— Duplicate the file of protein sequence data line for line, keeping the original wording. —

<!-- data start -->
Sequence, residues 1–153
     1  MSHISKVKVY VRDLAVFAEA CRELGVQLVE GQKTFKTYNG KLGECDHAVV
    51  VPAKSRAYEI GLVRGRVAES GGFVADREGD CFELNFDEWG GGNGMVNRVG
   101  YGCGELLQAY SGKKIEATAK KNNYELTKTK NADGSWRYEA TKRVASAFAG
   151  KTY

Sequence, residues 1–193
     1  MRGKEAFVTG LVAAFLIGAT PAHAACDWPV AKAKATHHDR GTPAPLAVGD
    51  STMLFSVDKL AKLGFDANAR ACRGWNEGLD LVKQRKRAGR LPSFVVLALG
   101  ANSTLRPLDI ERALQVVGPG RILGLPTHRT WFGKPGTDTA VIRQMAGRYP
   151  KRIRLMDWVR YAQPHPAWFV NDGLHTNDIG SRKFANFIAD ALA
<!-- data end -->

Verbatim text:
Sequence, residues 1–153
     1  MSHISKVKVY VRDLAVFAEA CRELGVQLVE GQKTFKTYNG KLGECDHAVV
    51  VPAKSRAYEI GLVRGRVAES GGFVADREGD CFELNFDEWG GGNGMVNRVG
   101  YGCGELLQAY SGKKIEATAK KNNYELTKTK NADGSWRYEA TKRVASAFAG
   151  KTY

Sequence, residues 1–193
     1  MRGKEAFVTG LVAAFLIGAT PAHAACDWPV AKAKATHHDR GTPAPLAVGD
    51  STMLFSVDKL AKLGFDANAR ACRGWNEGLD LVKQRKRAGR LPSFVVLALG
   101  ANSTLRPLDI ERALQVVGPG RILGLPTHRT WFGKPGTDTA VIRQMAGRYP
   151  KRIRLMDWVR YAQPHPAWFV NDGLHTNDIG SRKFANFIAD ALA